BOGOTA (Reuters) - Colombia’s Attorney General’s office has issued five arrest warrants as part of an investigation into whether bribes were paid by Italian construction company SICIM to Marxist rebels to guarantee the security of its employees, an official said on Thursday.
The warrants were issued for two SICIM workers and three members of guerrilla group the National Liberation Army (ELN), an official from the Attorney General’s office, who was not authorized to speak on the subject, told Reuters.
SICIM workers Roberto Jorge Rigoni from Argentina and Francisco Elizondo from Spain face charges of financing terrorism, rebellion and extortion, the official said. It is unclear if the two remain in Colombia.
SICIM is headquartered in Italy and has subsidiaries in Africa, Europe and in North and South America. It took part in the first phase of construction of the Bicentenario oil pipeline, which has a 110,000-barrel daily capacity to transport crude.
According to evidence gathered by the Attorney General’s office, including recordings of phone calls between guerrilla members and SICIM directors, the company paid protection money while operating in the northeastern Arauca and Casanare regions.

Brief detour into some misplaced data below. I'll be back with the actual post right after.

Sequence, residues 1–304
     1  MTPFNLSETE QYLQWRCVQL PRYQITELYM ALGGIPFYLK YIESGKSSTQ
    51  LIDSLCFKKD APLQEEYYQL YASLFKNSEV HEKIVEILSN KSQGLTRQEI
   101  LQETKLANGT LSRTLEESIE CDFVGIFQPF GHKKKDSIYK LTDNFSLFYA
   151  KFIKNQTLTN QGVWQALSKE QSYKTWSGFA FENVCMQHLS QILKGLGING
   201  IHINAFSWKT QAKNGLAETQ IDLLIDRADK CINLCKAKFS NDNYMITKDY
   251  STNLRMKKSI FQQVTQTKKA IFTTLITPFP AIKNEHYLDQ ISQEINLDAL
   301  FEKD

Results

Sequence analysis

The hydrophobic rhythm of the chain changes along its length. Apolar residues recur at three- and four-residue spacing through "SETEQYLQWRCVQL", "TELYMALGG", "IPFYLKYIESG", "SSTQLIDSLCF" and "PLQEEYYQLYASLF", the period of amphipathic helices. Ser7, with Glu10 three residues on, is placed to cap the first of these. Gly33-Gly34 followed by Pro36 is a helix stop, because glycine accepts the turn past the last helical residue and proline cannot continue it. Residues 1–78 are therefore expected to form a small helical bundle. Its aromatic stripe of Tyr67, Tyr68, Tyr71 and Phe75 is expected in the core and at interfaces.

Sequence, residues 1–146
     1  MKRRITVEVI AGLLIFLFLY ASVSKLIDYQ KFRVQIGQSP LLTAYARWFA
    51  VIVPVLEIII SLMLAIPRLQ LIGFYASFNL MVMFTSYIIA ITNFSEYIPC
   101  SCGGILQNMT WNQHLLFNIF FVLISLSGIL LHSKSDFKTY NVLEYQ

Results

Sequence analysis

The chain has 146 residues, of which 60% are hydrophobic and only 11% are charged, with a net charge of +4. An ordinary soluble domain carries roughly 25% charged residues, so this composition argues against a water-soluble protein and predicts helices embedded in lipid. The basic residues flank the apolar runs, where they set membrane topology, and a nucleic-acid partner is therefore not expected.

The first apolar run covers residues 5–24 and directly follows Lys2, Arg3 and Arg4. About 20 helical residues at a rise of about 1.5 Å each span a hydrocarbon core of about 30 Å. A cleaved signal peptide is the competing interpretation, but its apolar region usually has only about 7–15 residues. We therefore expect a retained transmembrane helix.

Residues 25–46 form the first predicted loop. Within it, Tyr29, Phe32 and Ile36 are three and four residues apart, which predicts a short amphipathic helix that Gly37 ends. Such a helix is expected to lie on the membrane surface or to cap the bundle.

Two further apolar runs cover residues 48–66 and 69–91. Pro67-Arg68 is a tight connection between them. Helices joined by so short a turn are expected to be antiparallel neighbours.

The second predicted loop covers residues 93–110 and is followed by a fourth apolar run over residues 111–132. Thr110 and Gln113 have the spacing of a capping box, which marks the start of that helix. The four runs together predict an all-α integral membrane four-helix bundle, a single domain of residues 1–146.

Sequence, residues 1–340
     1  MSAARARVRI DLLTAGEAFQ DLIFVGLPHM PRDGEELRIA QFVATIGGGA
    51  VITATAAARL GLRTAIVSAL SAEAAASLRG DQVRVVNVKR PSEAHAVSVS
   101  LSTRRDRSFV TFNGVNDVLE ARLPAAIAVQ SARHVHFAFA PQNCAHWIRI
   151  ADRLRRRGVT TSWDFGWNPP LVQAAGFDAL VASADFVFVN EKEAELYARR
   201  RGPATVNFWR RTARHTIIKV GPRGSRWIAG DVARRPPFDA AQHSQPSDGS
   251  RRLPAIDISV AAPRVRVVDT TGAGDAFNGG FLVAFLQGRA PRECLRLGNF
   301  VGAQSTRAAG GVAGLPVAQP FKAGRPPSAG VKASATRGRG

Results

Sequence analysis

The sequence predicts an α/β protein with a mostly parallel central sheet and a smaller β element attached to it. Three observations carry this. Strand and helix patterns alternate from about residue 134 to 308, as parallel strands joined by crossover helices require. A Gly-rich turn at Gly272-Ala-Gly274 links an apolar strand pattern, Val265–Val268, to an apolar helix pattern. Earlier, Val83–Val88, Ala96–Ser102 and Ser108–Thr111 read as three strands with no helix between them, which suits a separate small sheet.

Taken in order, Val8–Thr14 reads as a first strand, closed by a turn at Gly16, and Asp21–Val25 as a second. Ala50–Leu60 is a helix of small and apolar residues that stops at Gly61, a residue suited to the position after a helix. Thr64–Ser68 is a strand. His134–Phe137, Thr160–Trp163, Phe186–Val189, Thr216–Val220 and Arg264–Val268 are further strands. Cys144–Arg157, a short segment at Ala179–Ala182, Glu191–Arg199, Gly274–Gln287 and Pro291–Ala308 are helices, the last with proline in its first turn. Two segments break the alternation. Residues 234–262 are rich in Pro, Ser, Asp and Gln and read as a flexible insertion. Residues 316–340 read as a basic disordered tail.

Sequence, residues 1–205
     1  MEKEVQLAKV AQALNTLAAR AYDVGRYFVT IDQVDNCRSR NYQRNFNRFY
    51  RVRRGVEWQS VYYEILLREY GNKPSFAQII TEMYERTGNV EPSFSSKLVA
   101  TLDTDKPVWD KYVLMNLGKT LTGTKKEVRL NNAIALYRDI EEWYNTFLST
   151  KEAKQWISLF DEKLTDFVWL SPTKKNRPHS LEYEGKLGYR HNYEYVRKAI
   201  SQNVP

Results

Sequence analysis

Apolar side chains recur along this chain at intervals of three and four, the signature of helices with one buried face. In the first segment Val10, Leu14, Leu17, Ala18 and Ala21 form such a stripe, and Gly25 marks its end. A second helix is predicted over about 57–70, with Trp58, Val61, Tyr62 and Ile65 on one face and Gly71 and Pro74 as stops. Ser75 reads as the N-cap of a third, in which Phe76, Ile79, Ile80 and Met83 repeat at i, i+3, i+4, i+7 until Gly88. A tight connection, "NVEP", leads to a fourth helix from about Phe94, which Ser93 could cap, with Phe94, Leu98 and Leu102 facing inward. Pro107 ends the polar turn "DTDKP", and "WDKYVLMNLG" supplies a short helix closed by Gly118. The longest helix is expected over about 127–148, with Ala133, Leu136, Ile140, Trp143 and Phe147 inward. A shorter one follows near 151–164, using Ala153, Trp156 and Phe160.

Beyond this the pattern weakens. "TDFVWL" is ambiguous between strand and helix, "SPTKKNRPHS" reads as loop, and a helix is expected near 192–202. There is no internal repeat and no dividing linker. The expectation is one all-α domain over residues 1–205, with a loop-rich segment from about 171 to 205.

Construction on the Bicentenario started in 2011 and the pipeline began operation in 2013. The first phase of the project which SICIM built, a 230-km (143-mile) section of the pipeline, cost around $1 billion (659 million pounds).
Staff at SICIM’s offices in Colombia and Italy could not immediately be reached for comment.
President Juan Manuel Santos has threatened in the past to expel from Colombia companies found to be paying extortion to the guerrillas.
The government is seeking peace talks with the ELN. It is currently negotiating an end to a five-decade conflict with the Revolutionary Armed Forces of Colombia (FARC).
Investment in Colombia’s oil and mining sectors has shot up in recent years, after a U.S.-backed military offensive lasting more than a decade drove rebel groups deeper into rural areas.
Even so, the rebels have intensified attacks on oil infrastructure such as pipelines over the last year.
Extortion of companies was common in the past when rebel presence was heavier and continues to be a major funding source for the groups.
Reporting by Luis Jaime Acosta; Writing by Helen Murphy; Editing by Lisa Shumaker